3. Efficiency isn’t the goal.  If it were, it would make perfect sense for a child to carry as much as possible in each trip.  However, when your child is moving with purpose, it is more important for him to be accurate over efficient.  It is accuracy in his movements that will help him strengthen his muscles and master his movements.

4. Repetition leads to concentration.  When your child repeats her movements she travels back and forth to a shelf, gathering the materials she needs.  Each trip she is challenging her memory and mastering her movements.  And each trip adds to a deeper connection and level of concentration with her work.

5. Movement with purpose increases the ability to learn.  Studies have shown that adding movement to your child’s learning experiences can greatly impact her experience.  The whole child is involved in learning.  Her hands must move to feed her mind.  Your child is wired to learn through her senses and this includes, her kinesthetic sense, also called the muscle sense.

The Power of Play: A Two-Hour Work-Cycle

workcycleThe work-cycle is the time, everyday, the children have to work/play at school. Once a child has adapted to the routine of school, he moves from one activity to the next, with very little adult interaction.  He sometimes will choose to be in a group activity, or check-in with the teacher through conversation.  Generally, he plans his day and proceeds with his “auto-education”.  The children’s ability to do this is what allows each child the specific education they need, and each teacher the ability to observation each child and their growth. 

Here are five characteristics of play that allow the child the ability to move through his morning effortlessly, as described by Dr. Rachel E.White for the Minnesota Children’s Museum’s report, The Power of Play.

  • PLAY IS PLEASURABLE. Children must enjoy the activity or it is not play. 
  • PLAY IS INTRINSICALLY MOTIVATED. Children engage in play simply for the satisfaction the behavior itself brings. It has no extrinsically motivated function or goal. 
  • PLAY IS PROCESS ORIENTED. When children play, the means are more important than the ends.
  • PLAY IS FREELY CHOSEN. It is spontaneous and voluntary. If a child is pressured, she will likely not think of the activity as play. 
  • PLAY IS ACTIVELY ENGAGED. Players must be physically and/or mentally involved in the activity.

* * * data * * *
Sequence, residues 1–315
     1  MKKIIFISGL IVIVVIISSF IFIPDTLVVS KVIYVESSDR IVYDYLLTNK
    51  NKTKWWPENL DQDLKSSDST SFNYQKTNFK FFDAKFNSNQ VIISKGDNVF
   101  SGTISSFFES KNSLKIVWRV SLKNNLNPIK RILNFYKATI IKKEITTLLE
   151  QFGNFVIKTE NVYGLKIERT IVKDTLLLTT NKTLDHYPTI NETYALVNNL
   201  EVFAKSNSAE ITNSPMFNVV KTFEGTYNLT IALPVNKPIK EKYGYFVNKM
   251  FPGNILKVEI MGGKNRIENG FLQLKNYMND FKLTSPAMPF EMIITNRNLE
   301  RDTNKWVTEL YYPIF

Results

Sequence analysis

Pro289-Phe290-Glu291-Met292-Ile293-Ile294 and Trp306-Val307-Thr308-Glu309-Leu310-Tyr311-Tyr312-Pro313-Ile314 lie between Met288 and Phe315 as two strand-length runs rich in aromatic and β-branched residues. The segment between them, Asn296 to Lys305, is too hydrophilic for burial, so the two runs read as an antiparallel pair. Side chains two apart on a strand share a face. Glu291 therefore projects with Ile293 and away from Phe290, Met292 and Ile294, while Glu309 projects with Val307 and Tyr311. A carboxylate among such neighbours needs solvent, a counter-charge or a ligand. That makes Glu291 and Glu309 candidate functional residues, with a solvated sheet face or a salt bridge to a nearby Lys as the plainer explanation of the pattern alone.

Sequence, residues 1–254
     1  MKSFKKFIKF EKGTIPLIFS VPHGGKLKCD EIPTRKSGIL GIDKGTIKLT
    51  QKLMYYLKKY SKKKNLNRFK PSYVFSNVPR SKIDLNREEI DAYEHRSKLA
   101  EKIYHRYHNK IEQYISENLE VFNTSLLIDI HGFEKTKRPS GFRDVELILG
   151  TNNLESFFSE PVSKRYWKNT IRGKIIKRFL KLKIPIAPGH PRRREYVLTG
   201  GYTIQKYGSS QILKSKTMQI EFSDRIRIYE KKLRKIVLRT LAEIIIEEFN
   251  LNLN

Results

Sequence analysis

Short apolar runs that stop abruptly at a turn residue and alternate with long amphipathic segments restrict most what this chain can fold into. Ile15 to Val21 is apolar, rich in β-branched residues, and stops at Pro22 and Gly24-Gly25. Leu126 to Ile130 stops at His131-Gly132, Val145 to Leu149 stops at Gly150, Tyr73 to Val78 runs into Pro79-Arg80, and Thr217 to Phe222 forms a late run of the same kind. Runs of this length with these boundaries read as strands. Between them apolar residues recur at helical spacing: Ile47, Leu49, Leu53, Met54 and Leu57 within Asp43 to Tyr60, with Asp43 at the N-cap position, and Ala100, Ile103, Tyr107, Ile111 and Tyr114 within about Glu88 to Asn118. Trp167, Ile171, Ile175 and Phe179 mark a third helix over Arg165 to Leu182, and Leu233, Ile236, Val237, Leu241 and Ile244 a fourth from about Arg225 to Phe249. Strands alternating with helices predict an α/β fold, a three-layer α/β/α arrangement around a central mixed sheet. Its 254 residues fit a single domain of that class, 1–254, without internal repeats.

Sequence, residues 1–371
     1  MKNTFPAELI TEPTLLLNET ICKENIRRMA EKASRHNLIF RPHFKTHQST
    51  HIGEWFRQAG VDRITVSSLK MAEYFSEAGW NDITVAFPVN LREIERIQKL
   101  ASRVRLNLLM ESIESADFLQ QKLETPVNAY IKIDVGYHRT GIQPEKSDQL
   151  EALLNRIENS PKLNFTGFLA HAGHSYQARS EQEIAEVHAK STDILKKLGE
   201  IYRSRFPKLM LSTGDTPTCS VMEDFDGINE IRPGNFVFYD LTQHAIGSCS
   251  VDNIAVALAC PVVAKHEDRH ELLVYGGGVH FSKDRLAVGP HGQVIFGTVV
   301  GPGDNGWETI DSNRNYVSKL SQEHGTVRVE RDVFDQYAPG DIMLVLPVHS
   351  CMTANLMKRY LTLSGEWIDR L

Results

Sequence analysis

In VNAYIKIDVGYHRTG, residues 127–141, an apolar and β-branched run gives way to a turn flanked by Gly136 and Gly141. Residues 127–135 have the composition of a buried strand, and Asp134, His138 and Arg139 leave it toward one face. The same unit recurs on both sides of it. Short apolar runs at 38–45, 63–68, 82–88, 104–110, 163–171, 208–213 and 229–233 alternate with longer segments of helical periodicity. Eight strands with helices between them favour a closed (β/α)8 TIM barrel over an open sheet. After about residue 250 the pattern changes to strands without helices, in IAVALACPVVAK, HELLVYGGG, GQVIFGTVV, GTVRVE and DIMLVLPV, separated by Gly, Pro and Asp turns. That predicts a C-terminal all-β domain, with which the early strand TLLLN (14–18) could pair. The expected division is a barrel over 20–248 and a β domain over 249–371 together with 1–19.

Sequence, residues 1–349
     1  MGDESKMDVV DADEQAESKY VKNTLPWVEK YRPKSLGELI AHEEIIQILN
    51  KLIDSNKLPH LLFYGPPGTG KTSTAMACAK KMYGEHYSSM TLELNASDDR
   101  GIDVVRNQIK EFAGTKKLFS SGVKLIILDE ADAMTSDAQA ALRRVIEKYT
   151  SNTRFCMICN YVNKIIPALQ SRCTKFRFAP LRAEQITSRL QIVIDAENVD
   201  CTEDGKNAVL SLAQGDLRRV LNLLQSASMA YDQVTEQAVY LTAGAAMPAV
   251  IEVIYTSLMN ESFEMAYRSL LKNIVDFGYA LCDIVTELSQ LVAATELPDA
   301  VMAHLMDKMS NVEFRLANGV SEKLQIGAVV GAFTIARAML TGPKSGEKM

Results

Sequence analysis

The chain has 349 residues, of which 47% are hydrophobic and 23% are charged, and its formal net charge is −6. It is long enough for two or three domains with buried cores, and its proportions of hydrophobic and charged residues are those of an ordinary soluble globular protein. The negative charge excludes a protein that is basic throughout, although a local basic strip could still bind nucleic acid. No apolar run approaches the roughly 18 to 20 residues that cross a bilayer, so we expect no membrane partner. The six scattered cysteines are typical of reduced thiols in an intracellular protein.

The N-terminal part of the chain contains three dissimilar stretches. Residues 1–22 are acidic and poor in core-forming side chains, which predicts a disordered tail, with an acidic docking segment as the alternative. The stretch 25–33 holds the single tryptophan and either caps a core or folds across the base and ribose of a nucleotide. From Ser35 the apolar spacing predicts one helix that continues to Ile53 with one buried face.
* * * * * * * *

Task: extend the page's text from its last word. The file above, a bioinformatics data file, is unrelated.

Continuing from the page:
When parents tour a Montessori school they often ask about the difference between play and work.  Play is the work of the child.  We use the term ‘work’ in order to hold it in high regard and respect it as purposeful and meaningful.  

This info-graphic is made from the observation of one child for the full two hour work cycle.(2 hours for 12-36 months, 3 hours for beyond 3yrs) I have used different colors and shapes to highlight the different types of activities chosen throughout the morning. 

A Conversation After School

imageIf you are a parent of a young child who attends school, you have probably been told not to ask your child about their day at pick up.  So many parents ask me, why is that?  It seems so natural to ask the ones you love about their day when you come back together.  It actually seems like it may be a part of helping a child adapt to his culture through grace and courtesy.  So why are we asked to refrain from the questions?

First, your child who is younger than five years old lives in the moment.  This means that when you come to pick him up from school, he is enjoying the moment of seeing you again and may be full of gratitude for that moment.  If in that moment, you ask, ” How was your day?” Or ” what did you do today?” he may be caught off guard and unable to answer your question. In his mind, he is enjoying the present and not recapping the day in his head.  The ability to recap the day is a function of the reasoning mind of an older child, not the absorbent mind of your young child.

Next, children who feel compelled to answer their parents when asked, “Did you do any work today?” May feel unneeded pressure to preform.  If he doesn’t have an answer at that very moment he may come up with an activity he remembers, a person he recalls, or a staple answer that has seemed to work in the past: “Snack.”